Ovid. Faft. 1. iii. v. 46;. In this picture he appears as if just returned from India, bringing with him his new favourite, who hangs on his arm, and whole presence only causes those emotions so visible in the countenance of Ariadne, who had been hitherto represented on this occasion :.

as passioning “ For Theseus' perjury and unjust flight.” From this painting a plate was engraved by Giacomo Freij, which is generally a companion to the Aurora of the same master. The print is fo common, that the curious may easily satisfy themselves concerning the propriety of a remark which has intruded itself among the notes on Shakspeare.

To pafron is used as a verb, by writers contemporary with Shakspeare. In The Blind Beggar of Alexandria, printed 1598, we meet with the same expression:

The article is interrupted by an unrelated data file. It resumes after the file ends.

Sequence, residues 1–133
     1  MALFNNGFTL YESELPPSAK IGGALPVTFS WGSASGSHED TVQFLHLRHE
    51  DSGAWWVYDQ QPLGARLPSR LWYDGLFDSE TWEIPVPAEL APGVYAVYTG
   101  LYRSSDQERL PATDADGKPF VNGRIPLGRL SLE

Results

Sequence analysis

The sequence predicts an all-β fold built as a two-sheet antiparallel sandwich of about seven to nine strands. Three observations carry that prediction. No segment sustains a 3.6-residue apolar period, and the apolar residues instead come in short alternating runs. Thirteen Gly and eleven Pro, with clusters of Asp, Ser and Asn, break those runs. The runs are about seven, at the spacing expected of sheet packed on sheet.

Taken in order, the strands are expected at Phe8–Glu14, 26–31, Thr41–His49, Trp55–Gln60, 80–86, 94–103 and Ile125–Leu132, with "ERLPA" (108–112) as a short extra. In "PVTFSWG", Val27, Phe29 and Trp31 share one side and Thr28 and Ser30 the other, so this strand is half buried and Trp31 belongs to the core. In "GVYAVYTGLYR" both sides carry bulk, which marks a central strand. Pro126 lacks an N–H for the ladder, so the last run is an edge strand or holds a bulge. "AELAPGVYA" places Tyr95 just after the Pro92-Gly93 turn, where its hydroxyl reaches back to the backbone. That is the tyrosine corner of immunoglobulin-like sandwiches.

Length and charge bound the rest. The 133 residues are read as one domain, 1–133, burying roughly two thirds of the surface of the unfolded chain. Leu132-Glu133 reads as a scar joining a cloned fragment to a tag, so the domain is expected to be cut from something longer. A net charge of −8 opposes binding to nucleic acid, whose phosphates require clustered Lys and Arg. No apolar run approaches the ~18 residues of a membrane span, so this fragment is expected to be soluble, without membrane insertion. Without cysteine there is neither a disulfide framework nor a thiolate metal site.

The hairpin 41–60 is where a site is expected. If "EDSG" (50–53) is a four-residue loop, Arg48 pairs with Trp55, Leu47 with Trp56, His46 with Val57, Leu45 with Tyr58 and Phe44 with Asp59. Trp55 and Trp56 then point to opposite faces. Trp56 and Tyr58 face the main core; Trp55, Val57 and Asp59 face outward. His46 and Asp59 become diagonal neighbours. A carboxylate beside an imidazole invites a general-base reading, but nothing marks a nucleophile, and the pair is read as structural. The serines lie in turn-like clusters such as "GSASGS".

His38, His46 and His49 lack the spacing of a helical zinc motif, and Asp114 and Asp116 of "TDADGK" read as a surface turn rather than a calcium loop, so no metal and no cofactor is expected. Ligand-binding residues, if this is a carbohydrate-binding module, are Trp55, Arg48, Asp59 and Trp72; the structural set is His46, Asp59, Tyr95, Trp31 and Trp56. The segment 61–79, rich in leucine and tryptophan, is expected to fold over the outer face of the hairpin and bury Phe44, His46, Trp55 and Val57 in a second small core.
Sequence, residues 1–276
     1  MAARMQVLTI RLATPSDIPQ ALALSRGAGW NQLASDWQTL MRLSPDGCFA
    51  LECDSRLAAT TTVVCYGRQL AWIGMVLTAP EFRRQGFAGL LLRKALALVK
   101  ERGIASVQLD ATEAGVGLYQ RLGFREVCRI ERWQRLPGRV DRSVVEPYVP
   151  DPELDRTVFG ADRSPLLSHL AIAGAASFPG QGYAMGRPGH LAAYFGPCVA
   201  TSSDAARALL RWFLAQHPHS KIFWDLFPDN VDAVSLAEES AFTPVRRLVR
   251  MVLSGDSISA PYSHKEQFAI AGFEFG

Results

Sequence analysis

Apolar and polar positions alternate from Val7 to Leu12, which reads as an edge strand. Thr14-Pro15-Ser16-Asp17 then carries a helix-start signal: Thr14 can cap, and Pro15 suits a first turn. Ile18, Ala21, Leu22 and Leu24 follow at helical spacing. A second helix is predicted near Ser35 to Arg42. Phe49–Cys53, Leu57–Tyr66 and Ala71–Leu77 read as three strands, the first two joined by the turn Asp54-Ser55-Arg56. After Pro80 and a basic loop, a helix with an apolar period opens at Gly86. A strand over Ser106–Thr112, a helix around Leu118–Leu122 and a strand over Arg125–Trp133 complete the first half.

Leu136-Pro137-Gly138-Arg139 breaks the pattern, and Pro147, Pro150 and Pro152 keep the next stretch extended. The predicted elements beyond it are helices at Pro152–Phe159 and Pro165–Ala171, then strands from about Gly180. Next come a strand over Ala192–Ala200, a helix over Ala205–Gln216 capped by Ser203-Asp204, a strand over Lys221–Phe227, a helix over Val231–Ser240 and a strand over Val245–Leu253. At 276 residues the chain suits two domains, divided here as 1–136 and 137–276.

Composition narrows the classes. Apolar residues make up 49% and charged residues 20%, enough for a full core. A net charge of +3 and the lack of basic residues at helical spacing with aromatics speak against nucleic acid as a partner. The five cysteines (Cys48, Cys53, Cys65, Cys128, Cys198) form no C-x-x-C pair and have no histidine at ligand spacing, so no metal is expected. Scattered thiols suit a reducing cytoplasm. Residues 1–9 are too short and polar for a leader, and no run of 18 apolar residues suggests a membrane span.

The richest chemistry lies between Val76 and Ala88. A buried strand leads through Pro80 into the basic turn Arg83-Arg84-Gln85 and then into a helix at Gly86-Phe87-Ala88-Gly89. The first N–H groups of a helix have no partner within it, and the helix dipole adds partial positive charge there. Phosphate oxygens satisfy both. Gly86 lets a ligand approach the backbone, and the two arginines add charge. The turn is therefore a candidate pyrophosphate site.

-what, art thou paffioning over the picture of Cleanthes ?" Again, in Elioto Libidinoso, a novel, by John Hinde, 1606:

if thou gaze on a picture, thou must, with Pigmalion, be passionate." Again, in Spenser's Faery Queen, B. III. c. 2:

“ Some argument of matter paffioned.Steevens.

'twas Ariadne, passioning - On her being deserted by Theseus in the night, and left on the Inand of Naxos.


A virtuous gentlewoman, mild, and beautiful.
I hope, my master's suit will be but cold,
Since she respects my mistress' love so much.'
Alas, how love can trifle with itself!
Here is her picture: Let me see; I think,
If I had such a tire, this face of mine
Were full as lovely as is this of hers:

yet the painter flatter'd her a little,
Unless I flatter with myself too much.
Her hair is auburn, mine is perfect yellow :
If that be all the difference in his love,
I'll get me such a colour'd periwig.*